facebook BG Image
BG Image BG Image


Passion for spice cake since more than 150 years

Where and when spice cake really originated remains a bit of a mystery, but we do know for sure that the Egyptians, the Ancient Greeks and the Romans ate their version of it. So spice cake has been a regular part of our diet for thousands of years.

Egypt – Greece – the Romans

The first known sources about spice cake can be found in Ancient Egypt where a cake was made from cereals, spices and honey.

For the Greeks, honey cake was so important that they sacrificed it every year to please the gods.

The Romans gladly took over that traditional sweet cake and refined the recipe with some pepper and dried fruits. Afterwards the cake disappeared from European cuisine for a while and then came back to the table in medieval monasteries.

the crusaders

After the cake disappeared from the menu during the early Middle Ages, the European crusaders came in contact with the delicious honey cake on their expeditions to Jerusalem. Once back in Europe, it was the monasteries that started making the cake. Monasteries kept bees and cultivated grain. Thanks to new spices from the East, they had all the ingredients to bake the honey cake themselves.
One of those new – and most valuable – ingredients was pepper. Thanks to the addition of these specific spices, the cake was given the name ‘peperkoek’, as we know it in Belgium today.
The pepper made the cake into an exclusive and coveted product, making it very popular as a gift among dignitaries.


In the mighty Mongolian empire of Genghis Khan that stretched from the Danube to China in the early 13th century, a nutritious cake with honey and herbs was a regular part of the soldier’s ration. In ancient China, it was called Mi-kong. The honey cake provided the necessary energy for the warriors who often traveled for a very long time.

Return to Europe

From the 13th century on the spice cake had become a very popular delicacy in Flanders. Baking this special cake then becomes a craft in various Flemish cities. Especially Ghent was known for its spice cake that was topped with candied orange zest and almonds. From Ghent, the belgian spice cake trade flourished with England, where only regular gingerbread with candy syrup existed.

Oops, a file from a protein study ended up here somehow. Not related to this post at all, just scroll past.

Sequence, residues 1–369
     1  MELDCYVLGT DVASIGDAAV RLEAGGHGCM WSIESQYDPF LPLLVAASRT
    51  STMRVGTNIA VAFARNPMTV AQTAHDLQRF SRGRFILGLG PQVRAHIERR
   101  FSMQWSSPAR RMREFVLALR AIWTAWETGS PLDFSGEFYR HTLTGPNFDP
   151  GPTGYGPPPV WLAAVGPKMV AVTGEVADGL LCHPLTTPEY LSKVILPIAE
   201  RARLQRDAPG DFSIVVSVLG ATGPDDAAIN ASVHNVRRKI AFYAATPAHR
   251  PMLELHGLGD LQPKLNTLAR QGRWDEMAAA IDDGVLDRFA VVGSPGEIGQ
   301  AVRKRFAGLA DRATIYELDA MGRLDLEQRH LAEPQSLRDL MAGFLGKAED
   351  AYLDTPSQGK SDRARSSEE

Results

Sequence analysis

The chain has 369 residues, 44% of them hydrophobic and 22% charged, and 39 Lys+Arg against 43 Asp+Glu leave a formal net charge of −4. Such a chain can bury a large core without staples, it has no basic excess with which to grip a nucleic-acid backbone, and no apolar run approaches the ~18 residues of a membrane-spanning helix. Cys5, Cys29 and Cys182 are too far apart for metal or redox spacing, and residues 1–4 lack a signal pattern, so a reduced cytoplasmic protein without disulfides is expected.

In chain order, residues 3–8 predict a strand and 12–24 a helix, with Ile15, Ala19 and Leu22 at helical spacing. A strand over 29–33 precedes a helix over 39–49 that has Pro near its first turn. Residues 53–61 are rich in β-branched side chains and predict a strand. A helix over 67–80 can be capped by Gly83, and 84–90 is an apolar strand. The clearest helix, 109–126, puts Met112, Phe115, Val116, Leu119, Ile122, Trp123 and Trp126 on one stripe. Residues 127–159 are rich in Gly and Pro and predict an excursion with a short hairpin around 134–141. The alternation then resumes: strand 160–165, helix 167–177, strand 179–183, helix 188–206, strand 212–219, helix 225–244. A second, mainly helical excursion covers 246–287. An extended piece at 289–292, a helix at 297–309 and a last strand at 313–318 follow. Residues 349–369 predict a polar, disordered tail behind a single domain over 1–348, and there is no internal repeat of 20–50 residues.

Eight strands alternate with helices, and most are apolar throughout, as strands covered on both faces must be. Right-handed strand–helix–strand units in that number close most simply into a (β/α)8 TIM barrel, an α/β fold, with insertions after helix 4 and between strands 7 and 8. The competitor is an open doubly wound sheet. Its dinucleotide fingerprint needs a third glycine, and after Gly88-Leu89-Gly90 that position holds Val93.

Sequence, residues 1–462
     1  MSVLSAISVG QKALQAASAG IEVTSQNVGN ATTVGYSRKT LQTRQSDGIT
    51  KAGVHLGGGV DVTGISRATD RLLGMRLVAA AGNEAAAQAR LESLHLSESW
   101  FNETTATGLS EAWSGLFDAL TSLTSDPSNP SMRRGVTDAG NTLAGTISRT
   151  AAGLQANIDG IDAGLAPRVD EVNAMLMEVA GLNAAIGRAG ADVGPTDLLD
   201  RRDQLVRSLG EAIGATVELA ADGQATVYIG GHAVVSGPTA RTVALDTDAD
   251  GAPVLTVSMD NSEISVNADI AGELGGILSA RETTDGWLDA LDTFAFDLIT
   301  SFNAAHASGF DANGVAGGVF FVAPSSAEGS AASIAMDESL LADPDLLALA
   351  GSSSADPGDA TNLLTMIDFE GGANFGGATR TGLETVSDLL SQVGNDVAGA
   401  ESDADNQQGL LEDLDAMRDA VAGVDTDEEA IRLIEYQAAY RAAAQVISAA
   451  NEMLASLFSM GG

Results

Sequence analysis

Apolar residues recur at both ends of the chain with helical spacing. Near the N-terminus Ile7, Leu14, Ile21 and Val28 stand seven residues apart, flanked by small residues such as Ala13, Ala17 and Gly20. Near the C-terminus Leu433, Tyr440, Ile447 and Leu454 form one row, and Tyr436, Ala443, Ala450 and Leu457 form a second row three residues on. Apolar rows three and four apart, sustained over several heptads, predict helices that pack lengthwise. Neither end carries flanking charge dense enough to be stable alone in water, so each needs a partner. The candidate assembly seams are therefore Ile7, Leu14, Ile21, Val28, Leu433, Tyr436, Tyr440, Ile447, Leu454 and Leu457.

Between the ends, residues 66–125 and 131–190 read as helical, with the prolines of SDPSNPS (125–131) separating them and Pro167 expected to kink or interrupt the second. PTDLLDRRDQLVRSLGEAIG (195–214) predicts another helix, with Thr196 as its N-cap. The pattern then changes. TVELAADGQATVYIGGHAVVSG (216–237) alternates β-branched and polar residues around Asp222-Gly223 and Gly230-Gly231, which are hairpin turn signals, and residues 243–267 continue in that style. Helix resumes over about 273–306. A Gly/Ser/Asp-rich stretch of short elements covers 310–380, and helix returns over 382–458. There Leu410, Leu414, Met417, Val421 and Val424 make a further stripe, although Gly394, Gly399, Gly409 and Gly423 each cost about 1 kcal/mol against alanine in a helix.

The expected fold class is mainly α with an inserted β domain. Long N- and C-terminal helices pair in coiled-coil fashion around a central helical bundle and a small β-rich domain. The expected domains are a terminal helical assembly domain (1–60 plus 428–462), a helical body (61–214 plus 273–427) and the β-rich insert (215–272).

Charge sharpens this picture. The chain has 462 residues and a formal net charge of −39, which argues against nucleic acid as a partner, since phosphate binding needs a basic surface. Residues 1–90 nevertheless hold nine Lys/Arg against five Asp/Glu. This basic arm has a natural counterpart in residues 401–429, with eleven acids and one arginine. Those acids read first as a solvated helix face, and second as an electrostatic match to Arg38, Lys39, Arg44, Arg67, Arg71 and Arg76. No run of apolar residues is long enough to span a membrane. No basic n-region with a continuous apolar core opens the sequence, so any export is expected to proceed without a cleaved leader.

Guilds arose that were recognized as being allowed to bake spice cake according to predetermined recipes and shapes. The occupation of spice cake baker was officially established in Antwerp. Traditions spread throughout the country to give spice cake as a gift, with drinks or to believers after Easter. Since then, our spice cake has been ever-present in Flanders.

Through Flanders, the spice cake also became popular in other European countries. Filips III, for example, brought his own spice cake baker to France after his stay in Flanders. The delicacy became so popular that in the 16th century a very unique Foire du pains d’épices arized in Paris. Reims and Dijon (where the cake was discovered by accident by adding honey instead of butter to a recipe) also became important centers for the production of the spice cake.

In the Netherlands we see the cake appearing in Utrecht in early 16th century. From then on mainly cities in the north of the Netherlands started producing spice cake. Even today, the cake is still very popular as ‘ontbijtkoek‘. This spice cake was originally sold to people when they left church on Sundays, but then traditions arose whereby young men chopped tough spice cake in in half over the length of the cake in 3 strikes or less with an axe . This was fittingly called cake chopping (koekhakken), a tradition that came to Flanders afterwards.

Oude vrachtwagen Vondelmolen

Spice cake today

Until the Second World War, Flanders had around 140 traditional spice cake bakeries. However, the production process is so labor-intensive that small producers disappeared and production became more concentrated in cities such as Ghent, Sint-Niklaas and Mechelen in Flanders and Verviers and Dinant in Wallonia.

Due to centralized distribution, upscaling purchase and the demand for a larger production capacity, only a few producers were able to survive. Today there are only two producers in Flanders who process our traditional Belgian spice cake. Vondelmolen is by far the largest of the two and the only one recognized as a Belgian regional product.

Our mission is to continue to develop the age-old tradition of spice cake bakeries to the most modern standards. Thanks to Vondelmolen, we can continue to enjoy our delicious and nutritious belgian spice cake.